A lot of research has been put into studying the perspectives and values of the millennial generation that is currently entering into and engaging in the work force. One of the more interesting pieces that make up this demographic is the value they place on social issues. They have a clear vision of where they fit in the world. There is a recognition that as citizens of our society they enjoy a prosperity and quality of life that is unparalleled in the history of man. This understanding has created a sensitivity to issues around justice, fair play and an insistence that their prosperity should not come at the cost of anyone else.
It is manifested in a multitude of causes that are rapidly evolving and growing as this generation grapples with the realities of addressing inequality. Fair Trade, Direct Trade, Micro-Financing and a host of other movements have sprung up to address these concerns. In terms of how companies can tap into that social activism there are already a number of excellent studies that have come out but what I want to very briefly explore is how this outlook may impact how millennials lead in the work place.
As I looked at the research into this area I was surprised by two things; first that millennial's clearly understand that they can be good leaders but are lacking the skills and experience. That having been said they are also clear about challenging the current definitions of leadership as part of aligning those views with their own. In a word, they know they need some skills and training but they also don't agree with the current definitions of leadership and are not afraid to explore other models.
They have been brought up in a culture of collaboration and they are generally much more comfortable in that setting. Add to this their world view that all should benefit from the activities that generate wealth and one begins to get a sense of what kind of leadership they envision.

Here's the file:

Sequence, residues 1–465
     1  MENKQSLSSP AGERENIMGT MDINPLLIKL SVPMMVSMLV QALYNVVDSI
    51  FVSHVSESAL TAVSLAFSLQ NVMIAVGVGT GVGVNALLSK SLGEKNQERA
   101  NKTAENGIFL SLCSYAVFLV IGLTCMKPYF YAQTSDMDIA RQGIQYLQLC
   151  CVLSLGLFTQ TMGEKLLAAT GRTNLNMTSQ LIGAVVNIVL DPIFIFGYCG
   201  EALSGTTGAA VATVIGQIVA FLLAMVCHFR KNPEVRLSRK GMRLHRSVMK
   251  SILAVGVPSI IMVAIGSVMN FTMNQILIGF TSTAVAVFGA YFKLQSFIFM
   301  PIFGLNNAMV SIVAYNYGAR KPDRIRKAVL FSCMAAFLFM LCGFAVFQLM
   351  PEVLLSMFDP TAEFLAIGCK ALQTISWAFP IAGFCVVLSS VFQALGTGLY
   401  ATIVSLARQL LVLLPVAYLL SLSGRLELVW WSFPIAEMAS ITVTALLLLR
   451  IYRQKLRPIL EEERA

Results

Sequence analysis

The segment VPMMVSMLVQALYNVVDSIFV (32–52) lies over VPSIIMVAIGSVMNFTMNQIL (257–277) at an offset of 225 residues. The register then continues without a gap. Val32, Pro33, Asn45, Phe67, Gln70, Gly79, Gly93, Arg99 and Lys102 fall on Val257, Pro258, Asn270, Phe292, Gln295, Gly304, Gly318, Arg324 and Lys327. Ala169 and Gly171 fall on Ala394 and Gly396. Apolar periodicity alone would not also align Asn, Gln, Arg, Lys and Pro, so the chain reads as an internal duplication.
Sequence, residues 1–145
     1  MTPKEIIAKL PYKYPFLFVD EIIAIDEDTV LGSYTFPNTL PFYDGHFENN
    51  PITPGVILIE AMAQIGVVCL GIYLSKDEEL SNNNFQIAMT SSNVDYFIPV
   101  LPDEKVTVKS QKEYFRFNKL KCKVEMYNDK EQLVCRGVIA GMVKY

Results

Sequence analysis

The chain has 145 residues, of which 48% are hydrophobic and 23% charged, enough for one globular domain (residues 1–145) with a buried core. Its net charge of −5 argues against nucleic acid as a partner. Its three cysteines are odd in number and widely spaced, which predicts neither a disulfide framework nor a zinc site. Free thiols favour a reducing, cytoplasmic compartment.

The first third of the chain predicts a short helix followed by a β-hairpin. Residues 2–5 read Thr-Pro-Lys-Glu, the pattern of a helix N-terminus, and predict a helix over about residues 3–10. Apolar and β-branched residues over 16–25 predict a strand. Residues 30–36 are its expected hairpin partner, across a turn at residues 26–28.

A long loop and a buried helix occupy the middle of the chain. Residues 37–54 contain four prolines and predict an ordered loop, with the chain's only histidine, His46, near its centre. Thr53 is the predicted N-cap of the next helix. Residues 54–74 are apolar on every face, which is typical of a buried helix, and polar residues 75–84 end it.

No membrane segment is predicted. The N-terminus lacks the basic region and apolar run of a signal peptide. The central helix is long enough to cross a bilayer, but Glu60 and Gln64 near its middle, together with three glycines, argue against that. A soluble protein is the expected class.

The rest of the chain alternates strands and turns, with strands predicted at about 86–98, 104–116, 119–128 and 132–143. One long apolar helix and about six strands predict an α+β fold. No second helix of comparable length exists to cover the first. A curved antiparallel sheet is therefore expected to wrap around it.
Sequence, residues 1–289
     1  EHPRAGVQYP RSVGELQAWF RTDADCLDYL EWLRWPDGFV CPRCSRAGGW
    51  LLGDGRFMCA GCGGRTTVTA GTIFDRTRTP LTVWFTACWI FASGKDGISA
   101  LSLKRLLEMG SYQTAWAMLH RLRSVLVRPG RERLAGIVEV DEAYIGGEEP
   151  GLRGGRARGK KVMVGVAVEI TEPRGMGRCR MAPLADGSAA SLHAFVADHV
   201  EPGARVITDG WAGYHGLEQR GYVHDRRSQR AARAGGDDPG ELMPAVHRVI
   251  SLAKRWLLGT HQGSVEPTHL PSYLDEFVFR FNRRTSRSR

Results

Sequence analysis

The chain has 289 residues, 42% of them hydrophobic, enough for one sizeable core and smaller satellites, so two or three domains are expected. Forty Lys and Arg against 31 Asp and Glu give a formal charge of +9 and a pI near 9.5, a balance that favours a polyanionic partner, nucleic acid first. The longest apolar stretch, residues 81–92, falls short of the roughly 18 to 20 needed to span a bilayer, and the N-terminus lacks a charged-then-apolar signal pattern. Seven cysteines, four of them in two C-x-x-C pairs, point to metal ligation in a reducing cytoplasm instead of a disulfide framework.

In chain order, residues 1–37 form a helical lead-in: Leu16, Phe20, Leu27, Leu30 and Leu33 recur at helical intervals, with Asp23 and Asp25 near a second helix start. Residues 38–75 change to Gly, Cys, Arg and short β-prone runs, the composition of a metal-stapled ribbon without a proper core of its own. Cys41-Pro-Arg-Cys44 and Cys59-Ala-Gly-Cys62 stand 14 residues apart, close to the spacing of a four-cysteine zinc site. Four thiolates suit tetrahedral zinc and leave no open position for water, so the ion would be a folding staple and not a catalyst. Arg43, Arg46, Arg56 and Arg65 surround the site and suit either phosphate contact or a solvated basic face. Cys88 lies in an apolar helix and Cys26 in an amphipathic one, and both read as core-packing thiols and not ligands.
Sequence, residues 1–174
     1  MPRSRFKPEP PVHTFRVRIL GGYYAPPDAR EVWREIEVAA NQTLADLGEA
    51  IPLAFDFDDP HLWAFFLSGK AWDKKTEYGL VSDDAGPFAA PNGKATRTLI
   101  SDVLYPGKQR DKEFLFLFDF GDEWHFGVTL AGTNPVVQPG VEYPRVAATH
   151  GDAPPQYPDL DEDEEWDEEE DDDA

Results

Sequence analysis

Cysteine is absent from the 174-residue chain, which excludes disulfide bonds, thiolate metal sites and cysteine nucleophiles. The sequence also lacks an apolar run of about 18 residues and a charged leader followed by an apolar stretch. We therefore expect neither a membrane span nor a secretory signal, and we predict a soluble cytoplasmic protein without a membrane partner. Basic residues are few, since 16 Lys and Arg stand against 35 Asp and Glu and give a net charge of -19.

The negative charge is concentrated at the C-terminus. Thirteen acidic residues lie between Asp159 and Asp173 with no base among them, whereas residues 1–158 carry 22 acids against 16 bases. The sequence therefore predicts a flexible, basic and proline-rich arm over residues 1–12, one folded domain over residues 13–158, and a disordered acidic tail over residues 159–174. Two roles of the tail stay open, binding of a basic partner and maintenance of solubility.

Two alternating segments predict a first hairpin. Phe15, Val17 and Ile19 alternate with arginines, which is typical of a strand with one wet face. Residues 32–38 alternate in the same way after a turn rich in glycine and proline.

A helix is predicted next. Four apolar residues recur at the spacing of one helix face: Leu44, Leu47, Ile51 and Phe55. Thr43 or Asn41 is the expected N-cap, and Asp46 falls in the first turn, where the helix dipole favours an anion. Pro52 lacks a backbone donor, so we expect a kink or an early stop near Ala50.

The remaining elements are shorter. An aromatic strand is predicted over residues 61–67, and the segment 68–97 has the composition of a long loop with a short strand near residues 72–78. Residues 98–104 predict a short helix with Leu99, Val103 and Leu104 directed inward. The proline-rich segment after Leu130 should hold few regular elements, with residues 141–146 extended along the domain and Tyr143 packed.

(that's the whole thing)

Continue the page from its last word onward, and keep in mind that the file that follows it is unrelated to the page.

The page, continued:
They want to lead teams collaboratively and in a manner that benefits all on the team. There is a heavy emphasis on engagement and meaning and issues such as status and money are actually secondary considerations for them. They would rather make less money if it meant they could be in a work place that acknowledged them and the group and had meaning for them.
Contrast this to the "boomer" corporate ladder climbing and in a sense they have turned this on its head. Instead of climbing the ladder so that they have more people reporting to and working for them they instead look at promotion as a means to an end which is typically a greater opportunity to benefit their team. Instead of "the higher I go the more who serve me" they adopt a "the higher I go the more people I can help and serve" approach.
Lets be clear this is not a new idea and the concept of servant leadership, for example, has been around a long time. The difference is that there is a far broader scope of agreement among this group and this is the kind of leadership they relate to the most and want to emulate.
So all in all they present an interesting paradox. They know they lack some skill and experience to be effective leaders but are not afraid to challenge some of the current leadership approaches that don't align with their world view. The challenge is what do you need to do to provide them with that training and to utilize that passion to allow them to succeed? Upside down or right-side up? You decide.